In the case of making aerogels, a gel is placed in a pressure vessel under a volume of the same liquid held within its pores (lets say ethanol for example). The pressure vessel is then slowly heated to the liquid’s critical temperature. As this happens, the vapor pressure of the liquid increases, causing the pressure in the vessel to increase and approach the critical pressure of the liquid. The critical point is then surpassed, gently transforming the liquid in the gel (as well as the liquid and vapor surrounding the gel) into a supercritical fluid. Once this happens, the ability of the fluid in the gel to exert capillary stress on the gel’s solid framework structure of the gel has decreased to zero.

With supercritical fluid now present throughout the entire vessel and permeating the pores of the gel, the fluid in the gel can be removed. This is done by partially depressurizing the vessel, but not so much as to cause the pressure in the vessel to drop below the critical pressure. The temperature of the vessel must also remain above the critical temperature during this step. The goal is to remove enough fluid from the vessel while the fluid is still supercritical so that when the vessel is fully depressurized/cooled down and drops below the fluid’s critical point, there will simply not be enough substance left in the vessel left for liquid to recondense. This might require several cycles of heating (and thus pressurizing) followed by depressurization (again all done above the critical point). Once enough fluid has been removed from the vessel, the vessel is slowly depressurized and cooled back to ambient conditions. As this happens, the fluid in the vessel passes back through the critical point, but since much of the fluid has been removed and the temperature is still elevated as the vessel depressurizes, the fluid reverts to a gas phase instead of a liquid phase. What was liquid in the gel has been converted into a gas without capillary stress every arising, and an aerogel is left behind.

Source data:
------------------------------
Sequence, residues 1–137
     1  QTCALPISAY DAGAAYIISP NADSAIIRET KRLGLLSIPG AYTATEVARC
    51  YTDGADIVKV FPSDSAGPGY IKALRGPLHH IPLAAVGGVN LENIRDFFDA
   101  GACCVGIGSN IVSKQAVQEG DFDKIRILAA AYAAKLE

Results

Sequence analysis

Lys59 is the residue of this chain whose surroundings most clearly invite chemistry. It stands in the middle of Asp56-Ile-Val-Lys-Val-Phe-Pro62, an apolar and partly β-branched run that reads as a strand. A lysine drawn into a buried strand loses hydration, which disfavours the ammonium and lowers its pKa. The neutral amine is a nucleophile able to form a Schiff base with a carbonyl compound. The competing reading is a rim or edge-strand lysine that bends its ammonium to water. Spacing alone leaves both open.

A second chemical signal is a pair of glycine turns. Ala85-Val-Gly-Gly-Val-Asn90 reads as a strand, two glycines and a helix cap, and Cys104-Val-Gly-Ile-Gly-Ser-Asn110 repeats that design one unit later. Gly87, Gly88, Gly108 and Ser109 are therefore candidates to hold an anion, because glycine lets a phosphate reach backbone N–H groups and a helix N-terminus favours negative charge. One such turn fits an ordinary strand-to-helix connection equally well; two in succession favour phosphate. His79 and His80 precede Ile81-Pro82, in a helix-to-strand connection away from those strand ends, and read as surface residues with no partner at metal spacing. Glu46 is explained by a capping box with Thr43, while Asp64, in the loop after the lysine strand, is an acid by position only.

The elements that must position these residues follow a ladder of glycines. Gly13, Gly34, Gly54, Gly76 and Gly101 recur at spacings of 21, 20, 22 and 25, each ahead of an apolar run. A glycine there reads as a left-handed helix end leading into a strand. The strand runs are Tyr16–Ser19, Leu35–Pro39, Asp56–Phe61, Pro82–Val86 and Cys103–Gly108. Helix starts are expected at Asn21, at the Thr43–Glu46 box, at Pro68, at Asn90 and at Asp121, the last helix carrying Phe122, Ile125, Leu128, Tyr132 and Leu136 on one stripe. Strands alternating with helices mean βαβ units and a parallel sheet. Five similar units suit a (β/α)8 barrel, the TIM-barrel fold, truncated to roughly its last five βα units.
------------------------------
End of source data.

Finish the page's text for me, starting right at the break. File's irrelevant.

It is important to note, however, that most of the liquids used in the preparation of gels are organic solvents such as methanol, ethanol, acetone, and acetonitrile, and such liquids are potentially dangerous at the temperatures and pressures required to make them supercritical. To make the aerogelification process less dangerous, the liquid component of a gel can be exchanged with a non-flammable solvent that mixes well with organic solvents–liquid carbon dioxide (see below).

For more information about supercritical drying, see The Science of Aerogel section.

The Hunt Process: Making Supercritical Drying Safer With Liquid Carbon Dioxide